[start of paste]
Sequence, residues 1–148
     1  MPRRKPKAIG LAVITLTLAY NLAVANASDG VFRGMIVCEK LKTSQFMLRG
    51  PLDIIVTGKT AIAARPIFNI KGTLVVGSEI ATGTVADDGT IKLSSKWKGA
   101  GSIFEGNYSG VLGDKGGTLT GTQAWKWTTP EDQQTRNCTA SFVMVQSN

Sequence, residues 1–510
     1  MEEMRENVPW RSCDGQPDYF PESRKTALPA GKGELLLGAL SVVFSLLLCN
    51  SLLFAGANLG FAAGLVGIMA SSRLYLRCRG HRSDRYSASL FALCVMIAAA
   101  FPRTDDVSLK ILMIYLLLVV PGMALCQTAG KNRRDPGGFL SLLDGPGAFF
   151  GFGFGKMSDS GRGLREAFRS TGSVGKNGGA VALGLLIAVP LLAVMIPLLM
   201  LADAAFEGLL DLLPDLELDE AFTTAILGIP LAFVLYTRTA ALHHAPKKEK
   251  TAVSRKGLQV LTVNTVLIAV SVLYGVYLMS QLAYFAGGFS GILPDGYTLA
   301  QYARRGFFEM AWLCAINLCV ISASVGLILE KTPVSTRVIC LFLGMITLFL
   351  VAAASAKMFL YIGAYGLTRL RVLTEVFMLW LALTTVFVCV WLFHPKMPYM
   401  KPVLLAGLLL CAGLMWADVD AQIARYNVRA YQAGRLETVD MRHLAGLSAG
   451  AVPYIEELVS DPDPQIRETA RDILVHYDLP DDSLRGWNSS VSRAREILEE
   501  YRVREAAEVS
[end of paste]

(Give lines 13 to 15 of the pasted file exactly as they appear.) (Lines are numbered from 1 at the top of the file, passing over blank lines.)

   351  VAAASAKMFL YIGAYGLTRL RVLTEVFMLW LALTTVFVCV WLFHPKMPYM
   401  KPVLLAGLLL CAGLMWADVD AQIARYNVRA YQAGRLETVD MRHLAGLSAG
   451  AVPYIEELVS DPDPQIRETA RDILVHYDLP DDSLRGWNSS VSRAREILEE